By Naeema Misrati and Sami Zaptia.
Tripoli, 20 December:
The Libyan Holding Company for Development and Investment, part of the Economic and Social Development Fund (ESDF), organised a signing ceremony on Tuesday, 18 December.
The ceremony was for contracts for the sale of some of the administrative buildings at the “Bab Tarabulis project 1” (Tripoli Gate 1) on the Airport Road.
The ceremony was attended by a number of officials from state institutes, including the president and department managers of the Development Fund, the President and department managers of the Tax Directorate, the general manager and department managers of the Development Bank, the Director General and department managers of the National Investment Company, representatives from the Ministry of Industry, the general manager of the Libyan Qatari Bank, representatives of the National Commercial Bank, a number of representatives of local banks, and representatives of some Libyan and joint venture implementing companies.
The Bab-Tarablus 1 project, located on the Airport Road, is considered by its developers as “one of the most important major investment projects in the country, aiming at contributing towards the actual plan of development, construction and investment in Libya”.
The developers also highlighted the fact that the project is marked by the importance of its location, easily accessible by all roads leading to Tripoli, and has the advantage of being within close proximity of the most important construction projects located nearby.
They also felt that it was the first project of its kind in Libya to include a wide range of administrative buildings in one place.
This project is constructed on a 67 hectares site, divided into 22 areas which include a range of towers and administrative and service buildings, in addition to residential buildings to be used by those who work and use these office buildings.
On the ESDF website the project value of stage 1 is reported at 609 million dinars.
The developers report that several Ministries, banks and companies made requests to purchase some of these buildings to use as their official headquarters.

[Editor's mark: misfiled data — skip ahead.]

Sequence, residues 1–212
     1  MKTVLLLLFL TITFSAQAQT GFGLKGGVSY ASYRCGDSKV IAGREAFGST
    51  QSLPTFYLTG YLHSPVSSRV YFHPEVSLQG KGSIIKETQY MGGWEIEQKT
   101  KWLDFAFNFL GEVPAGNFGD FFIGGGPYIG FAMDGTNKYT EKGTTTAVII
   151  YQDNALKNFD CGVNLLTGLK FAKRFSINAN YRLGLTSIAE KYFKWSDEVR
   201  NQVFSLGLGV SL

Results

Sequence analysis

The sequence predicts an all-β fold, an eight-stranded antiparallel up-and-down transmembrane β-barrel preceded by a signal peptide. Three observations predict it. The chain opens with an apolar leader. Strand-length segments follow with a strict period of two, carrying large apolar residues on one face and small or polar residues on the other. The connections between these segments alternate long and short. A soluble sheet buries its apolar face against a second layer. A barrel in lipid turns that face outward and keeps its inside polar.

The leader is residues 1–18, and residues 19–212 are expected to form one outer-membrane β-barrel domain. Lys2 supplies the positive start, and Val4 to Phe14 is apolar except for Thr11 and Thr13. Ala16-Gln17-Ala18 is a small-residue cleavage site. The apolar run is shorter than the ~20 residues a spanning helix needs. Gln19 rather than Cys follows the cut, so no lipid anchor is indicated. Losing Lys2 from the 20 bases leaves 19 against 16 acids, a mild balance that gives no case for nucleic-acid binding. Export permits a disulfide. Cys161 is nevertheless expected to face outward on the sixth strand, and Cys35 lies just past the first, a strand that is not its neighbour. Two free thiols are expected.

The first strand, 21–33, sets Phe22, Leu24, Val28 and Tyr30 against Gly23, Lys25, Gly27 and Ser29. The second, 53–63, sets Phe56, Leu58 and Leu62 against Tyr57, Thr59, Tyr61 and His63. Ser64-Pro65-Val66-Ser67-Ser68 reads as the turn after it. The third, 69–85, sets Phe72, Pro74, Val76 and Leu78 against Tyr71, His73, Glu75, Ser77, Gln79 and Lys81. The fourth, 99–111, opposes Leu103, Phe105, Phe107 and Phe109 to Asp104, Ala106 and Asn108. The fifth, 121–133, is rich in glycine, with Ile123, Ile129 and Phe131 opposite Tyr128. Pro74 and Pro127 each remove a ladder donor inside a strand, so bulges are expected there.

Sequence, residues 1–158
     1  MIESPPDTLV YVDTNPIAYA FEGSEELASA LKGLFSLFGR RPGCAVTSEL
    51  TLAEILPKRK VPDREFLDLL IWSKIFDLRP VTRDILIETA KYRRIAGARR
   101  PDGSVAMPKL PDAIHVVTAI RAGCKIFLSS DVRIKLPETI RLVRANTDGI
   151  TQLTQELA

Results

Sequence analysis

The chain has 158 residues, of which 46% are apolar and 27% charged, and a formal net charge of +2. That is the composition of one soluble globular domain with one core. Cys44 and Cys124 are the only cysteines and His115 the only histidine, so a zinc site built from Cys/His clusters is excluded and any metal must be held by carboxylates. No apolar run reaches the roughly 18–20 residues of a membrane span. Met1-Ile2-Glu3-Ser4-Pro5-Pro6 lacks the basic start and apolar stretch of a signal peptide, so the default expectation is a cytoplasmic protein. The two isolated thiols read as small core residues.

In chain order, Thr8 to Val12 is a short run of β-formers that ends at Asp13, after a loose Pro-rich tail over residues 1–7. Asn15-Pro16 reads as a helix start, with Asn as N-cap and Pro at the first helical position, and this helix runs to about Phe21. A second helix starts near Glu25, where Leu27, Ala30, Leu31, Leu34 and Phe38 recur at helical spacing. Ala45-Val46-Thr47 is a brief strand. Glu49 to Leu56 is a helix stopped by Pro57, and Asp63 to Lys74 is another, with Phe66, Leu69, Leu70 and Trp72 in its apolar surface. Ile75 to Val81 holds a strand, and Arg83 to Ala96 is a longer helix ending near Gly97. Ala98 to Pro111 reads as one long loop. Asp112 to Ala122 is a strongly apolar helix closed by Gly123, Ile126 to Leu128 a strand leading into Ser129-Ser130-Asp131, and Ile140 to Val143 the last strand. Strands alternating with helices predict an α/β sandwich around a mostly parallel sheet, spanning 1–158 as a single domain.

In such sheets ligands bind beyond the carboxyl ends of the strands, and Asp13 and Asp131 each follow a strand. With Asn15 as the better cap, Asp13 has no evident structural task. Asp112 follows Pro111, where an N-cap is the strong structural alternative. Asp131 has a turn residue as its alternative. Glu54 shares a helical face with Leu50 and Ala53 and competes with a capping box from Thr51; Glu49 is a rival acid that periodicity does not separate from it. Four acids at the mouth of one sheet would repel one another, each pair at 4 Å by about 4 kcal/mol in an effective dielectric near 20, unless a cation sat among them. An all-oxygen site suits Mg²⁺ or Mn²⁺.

At the signing ceremony contracts were signed with the Development Bank, the Tax Department and the National Investment Corporation.
The developers said that they expected other contracts to be signed soon, having reached agreement to sell office buildings to several ministries, including the Ministries of Industry, Finance, Labour and Rehabilitation, Water Resources, Telecommunications, the Exports Development Centre, and Afriqiyah Airways.
It is worth noting, however, that there are claims to some of the lands upon which some of these projects are built.
Some Libyan citizens are not happy at having been forced by the Qaddafi regime to sell their land at what they considered derisory prices, while the Qaddafi regime valued the same land at a much higher rate when forming joint ventures with foreign investors.
Many do not regard it as a ‘sale’ at all, but as forced confiscation by a politically and morally corrupt regime.
Whilst some Libyans had accepted compensation, others did not and are awaiting a fairer settlement. Others want their land back and are awaiting work to commence so that they can take halt the projects and take them to court.
Many Libyan citizens consider some of the ESDF projects on their private lands as commercial projects and not ‘national interest’ projects such as roads, railways, schools or hospitals.
They feel that commercial projects such as office buildings or shopping centers/malls should be treated on the bases that they are commercial profit-making ventures and that the developers should compensate them on purely commercial bases.
It will be interesting to see how the new democratic Libyan authorities and the new independent courts deal with the multiplicity of claims by Libyan citizens to land with ESDF development projects.
It is to be noted that a number of Libyan citizens have already formed an association representing those who have had land or property confiscated by the previous regime.
Without solving the land claims upon which many of these ESDF development projects are based, it is difficult to see how Libya’s vast development and construction projects can proceed.